The average follow-up period was 57.1 ± 24.2 months (range: from 4 to 96 months). In total, 46 all-cause deaths (34.6%) and 23 cardiac deaths (17.3%) occurred. Dot plot was conducted and the result showed that PA levels were significantly higher in patients who survived [8.51 (5.7–10.9)%] than in those died [5.48(3.82–7.68)%], P = 0.0029 (Fig. 2). Patients with baseline PA ≤ 6.47% had higher rates of all-cause mortality (51.7% vs 20.5%, P < 0.001) and cardiac death (25.0% vs 11.0%, P = 0.040) (Table 2). Moreover, baseline PA ≤ 6.47% was also significantly associated with non-cardiac death (26.7% vs 9.6%, P = 0.01).

Fig. 2
figure 2

Comparison of PA levels between patients who died and survived (P = 0.0029). Abbreviations: PA, physical activity

Table 2 Clinical outcomes of patients depended on PA

Kaplan-Meier survival curves

The estimated Kaplan-Meier survival curves showed that patients with PA ≤ 6.47% had an increased cumulative incidence of all-cause mortality (Log-rank P < 0.0001) (Fig. 3) and cardiac death (Log-rank P = 0.0067) (Fig. 4).

Fig. 3
figure 3

Kaplan-Meier curves for all-cause mortality in patients over 75 years with ICDs/CRTDs (Log rank P < 0.0001). Abbreviations: CRT-D, cardiac resynchronization therapy defibrillator; ICD, implantable cardioverter-defibrillator

Fig. 4
figure 4

Kaplan-Meier curves for cardiac death in patients over 75 years with ICDs/CRTDs (Log rank P = 0.0067). Abbreviations: CRT-D, cardiac resynchronization therapy defibrillator; ICD, implantable cardioverter-defibrillator

PA is a predictor of cardiac death and all-cause mortality

In the univariate Cox regression models, PA ≤ 6.47% was significantly related to all-cause mortality (HR 3.297, 95% CI: 1.777–6.118, P < 0.001). After the model was adjusted for confounders, including age, sex, LVEF, the presence of ischaemic cardiomyopathy, the presence of diabetes, the presence of AF and β-blocker consumption, the multivariate Cox regression modelling results showed that PA ≤ 6.47% was an independent risk factor for all-cause mortality (HR 3.137, 95% CI: 1.667–5.904, P < 0.001) (Table 3).

Table 3 Uni-variate and multivariate Cox analysis for endpoints

Additionally, PA ≤ 6.47% was found to be positively associated with cardiac death (HR 3.095, 95% CI: 1.310–7.310, P = 0.010). After the model was adjusted for confounders, including age, sex, LVEF, the presence of ischaemic cardiomyopathy, the presence of AF and β-blocker consumption, the multivariate Cox regression modelling results showed that PA ≤ 6.47% was an independent risk factor for cardiac death (HR value 3.345, 95% CI: 1.394–8.028, P = 0.007) (Table 3).

Discussion

The results of the present study indicated that objective daily PA measured by the continuous remote monitoring of ICDs/CRTDs is related to the prognosis of cardiovascular diseases in patients with age > 75 years. PA ≤ 6.47% (93 min/day) was significantly associated with the risk of all-cause mortality and cardiac death. Even in patients with age > 75 years and structural heart diseases and a high risk of sudden cardiac death, daily physical activities should be performed regularly. PA monitoring may aid in long-term management of older patients at high risk of SCD.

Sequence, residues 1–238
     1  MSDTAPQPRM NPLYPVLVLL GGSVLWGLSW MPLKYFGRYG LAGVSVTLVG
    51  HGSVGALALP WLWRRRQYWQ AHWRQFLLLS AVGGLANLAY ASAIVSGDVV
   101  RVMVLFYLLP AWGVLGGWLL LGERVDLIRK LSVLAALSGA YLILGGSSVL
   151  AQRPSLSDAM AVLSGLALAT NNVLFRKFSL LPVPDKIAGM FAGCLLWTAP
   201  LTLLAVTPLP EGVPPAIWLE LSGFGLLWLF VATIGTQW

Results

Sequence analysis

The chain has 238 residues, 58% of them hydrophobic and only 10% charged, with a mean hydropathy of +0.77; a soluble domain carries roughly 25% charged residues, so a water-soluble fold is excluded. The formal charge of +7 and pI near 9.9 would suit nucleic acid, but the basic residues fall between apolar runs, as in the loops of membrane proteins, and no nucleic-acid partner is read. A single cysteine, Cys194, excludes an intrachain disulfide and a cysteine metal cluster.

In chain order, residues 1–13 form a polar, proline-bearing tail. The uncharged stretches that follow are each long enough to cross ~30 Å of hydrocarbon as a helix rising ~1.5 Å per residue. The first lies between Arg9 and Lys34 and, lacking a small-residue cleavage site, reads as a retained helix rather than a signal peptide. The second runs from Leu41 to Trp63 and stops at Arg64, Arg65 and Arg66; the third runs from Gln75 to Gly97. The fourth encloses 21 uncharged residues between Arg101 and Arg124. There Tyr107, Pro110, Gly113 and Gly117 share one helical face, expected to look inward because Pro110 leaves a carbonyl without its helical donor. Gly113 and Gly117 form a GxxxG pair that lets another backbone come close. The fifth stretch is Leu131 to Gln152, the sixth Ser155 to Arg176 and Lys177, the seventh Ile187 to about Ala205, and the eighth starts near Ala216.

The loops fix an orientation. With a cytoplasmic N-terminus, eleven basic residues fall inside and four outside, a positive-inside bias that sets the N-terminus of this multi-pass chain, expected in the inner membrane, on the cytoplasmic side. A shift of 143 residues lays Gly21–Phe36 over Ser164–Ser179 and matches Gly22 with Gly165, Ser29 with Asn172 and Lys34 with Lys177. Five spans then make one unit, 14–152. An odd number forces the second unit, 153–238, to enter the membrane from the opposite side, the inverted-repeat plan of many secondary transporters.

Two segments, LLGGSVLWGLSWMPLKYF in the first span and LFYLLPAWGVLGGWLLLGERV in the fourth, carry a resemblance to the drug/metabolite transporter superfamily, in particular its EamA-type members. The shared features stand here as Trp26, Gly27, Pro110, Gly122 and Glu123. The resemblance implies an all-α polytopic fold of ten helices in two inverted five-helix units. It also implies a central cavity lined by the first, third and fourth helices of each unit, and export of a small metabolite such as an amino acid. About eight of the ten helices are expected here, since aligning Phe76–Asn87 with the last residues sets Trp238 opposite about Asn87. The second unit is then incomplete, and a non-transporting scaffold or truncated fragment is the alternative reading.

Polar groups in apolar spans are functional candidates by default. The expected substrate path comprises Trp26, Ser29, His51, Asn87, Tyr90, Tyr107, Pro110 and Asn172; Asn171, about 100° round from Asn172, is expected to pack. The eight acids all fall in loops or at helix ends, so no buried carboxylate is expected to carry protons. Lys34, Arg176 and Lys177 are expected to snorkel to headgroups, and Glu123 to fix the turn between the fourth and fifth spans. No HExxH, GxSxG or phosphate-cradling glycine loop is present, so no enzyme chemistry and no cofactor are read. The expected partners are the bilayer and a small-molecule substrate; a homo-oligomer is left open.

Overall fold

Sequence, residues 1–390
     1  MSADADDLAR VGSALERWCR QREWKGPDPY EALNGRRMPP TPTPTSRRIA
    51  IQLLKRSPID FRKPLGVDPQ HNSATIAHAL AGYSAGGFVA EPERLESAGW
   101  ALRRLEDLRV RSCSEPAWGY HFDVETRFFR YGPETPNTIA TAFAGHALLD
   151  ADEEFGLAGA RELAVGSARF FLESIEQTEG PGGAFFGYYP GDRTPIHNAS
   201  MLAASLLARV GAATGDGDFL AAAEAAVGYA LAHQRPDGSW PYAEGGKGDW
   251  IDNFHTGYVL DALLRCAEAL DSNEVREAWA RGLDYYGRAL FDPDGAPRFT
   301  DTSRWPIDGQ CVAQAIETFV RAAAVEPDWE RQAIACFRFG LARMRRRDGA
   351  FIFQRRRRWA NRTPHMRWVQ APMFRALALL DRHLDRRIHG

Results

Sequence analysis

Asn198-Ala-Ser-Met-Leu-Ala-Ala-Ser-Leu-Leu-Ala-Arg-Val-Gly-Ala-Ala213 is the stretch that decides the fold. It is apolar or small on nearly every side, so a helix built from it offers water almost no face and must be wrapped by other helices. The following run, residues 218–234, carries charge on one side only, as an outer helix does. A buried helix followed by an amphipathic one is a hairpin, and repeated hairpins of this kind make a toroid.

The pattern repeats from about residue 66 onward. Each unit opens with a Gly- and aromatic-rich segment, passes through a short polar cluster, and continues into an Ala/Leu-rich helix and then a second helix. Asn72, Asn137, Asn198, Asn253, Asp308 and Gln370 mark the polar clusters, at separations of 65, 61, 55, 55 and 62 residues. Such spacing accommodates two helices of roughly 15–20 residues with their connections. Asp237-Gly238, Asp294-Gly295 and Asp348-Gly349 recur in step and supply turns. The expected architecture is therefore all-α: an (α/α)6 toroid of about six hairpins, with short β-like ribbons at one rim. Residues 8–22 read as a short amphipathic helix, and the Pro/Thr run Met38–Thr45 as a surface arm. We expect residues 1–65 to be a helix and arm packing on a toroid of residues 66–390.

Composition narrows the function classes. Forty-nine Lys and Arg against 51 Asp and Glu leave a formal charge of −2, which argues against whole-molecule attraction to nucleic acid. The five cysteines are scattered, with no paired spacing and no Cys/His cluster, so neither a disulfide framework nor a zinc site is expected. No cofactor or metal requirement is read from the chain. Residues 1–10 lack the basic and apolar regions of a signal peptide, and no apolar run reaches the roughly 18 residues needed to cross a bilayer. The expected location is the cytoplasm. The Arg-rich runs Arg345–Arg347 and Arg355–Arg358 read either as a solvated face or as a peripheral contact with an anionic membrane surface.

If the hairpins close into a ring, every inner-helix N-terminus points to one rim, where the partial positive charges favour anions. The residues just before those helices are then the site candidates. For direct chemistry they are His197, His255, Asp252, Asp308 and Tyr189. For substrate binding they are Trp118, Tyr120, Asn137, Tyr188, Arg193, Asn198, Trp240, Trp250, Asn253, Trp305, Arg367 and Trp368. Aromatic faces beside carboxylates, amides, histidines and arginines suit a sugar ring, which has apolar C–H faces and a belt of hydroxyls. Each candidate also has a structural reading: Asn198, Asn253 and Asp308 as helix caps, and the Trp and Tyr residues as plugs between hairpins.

The present study confirmed there is a correlation between PA and cardiovascular prognoses, which is consistent with the results presented in previous studies. Lear conducted a prospective cohort study in 130,000 participants from 17 countries and demonstrated that higher levels of recreational and non-recreational PA were associated with a lower risk of mortality and cardiovascular disease events in individuals from low-income, middle-income, and high-income countries [13]. Jeong compared the impact of leisure-time PA on mortality in primary versus secondary cardiovascular prevention and found that individuals with cardiovascular disease may benefit from PA to a greater extent than healthy volunteers without cardiovascular disease [14]. However, these studies mentioned above did not use continuous monitoring with CIEDs, and the results that were based on questionnaires may have been biased. Recently, Toshihiko found a correlation between PA and all-cause mortality in patients with age > 75 years and pacemakers [12]. However, this population did not have structural heart diseases and were not at risk of sudden cardiac death. And the study did not further clarify the cause of death of the patients. Conraads found that a lower baseline PA was associated with readmission and cardiac death in patients with heart failure [15]. However, the population included in that study was relatively young, and no cut-off value was provided to predict the clinical outcomes. In the present study, the average value of the baseline PA was determined through continuous remote monitoring of ICDs/ CRTDs, the follow-up time was long-term, and the endpoint events were more reliable. The population studied was old people with an average age of nearly 80 years. The results confirmed there was a relationship between PA and cardiac death in patients with age > 75 years and provided a baseline PA cut-off value for clinical use.